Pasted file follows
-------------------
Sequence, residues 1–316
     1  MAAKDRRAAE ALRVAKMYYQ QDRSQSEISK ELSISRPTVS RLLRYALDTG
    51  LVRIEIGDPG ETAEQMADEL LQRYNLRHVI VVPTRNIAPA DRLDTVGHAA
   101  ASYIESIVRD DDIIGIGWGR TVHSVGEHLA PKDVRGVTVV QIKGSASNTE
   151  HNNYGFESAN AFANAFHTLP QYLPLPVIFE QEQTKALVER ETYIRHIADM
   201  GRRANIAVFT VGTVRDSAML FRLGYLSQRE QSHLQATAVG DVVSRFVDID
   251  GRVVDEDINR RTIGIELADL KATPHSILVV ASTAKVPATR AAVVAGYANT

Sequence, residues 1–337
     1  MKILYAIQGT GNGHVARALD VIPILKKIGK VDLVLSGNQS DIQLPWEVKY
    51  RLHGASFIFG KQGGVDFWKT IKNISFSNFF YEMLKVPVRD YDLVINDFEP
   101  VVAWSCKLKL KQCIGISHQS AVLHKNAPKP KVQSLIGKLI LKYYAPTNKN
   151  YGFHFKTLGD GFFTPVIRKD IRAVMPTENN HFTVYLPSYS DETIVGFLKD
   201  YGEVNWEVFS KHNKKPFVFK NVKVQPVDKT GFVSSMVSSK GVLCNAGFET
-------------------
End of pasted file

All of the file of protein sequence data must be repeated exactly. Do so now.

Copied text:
Sequence, residues 1–316
     1  MAAKDRRAAE ALRVAKMYYQ QDRSQSEISK ELSISRPTVS RLLRYALDTG
    51  LVRIEIGDPG ETAEQMADEL LQRYNLRHVI VVPTRNIAPA DRLDTVGHAA
   101  ASYIESIVRD DDIIGIGWGR TVHSVGEHLA PKDVRGVTVV QIKGSASNTE
   151  HNNYGFESAN AFANAFHTLP QYLPLPVIFE QEQTKALVER ETYIRHIADM
   201  GRRANIAVFT VGTVRDSAML FRLGYLSQRE QSHLQATAVG DVVSRFVDID
   251  GRVVDEDINR RTIGIELADL KATPHSILVV ASTAKVPATR AAVVAGYANT

Sequence, residues 1–337
     1  MKILYAIQGT GNGHVARALD VIPILKKIGK VDLVLSGNQS DIQLPWEVKY
    51  RLHGASFIFG KQGGVDFWKT IKNISFSNFF YEMLKVPVRD YDLVINDFEP
   101  VVAWSCKLKL KQCIGISHQS AVLHKNAPKP KVQSLIGKLI LKYYAPTNKN
   151  YGFHFKTLGD GFFTPVIRKD IRAVMPTENN HFTVYLPSYS DETIVGFLKD
   201  YGEVNWEVFS KHNKKPFVFK NVKVQPVDKT GFVSSMVSSK GVLCNAGFET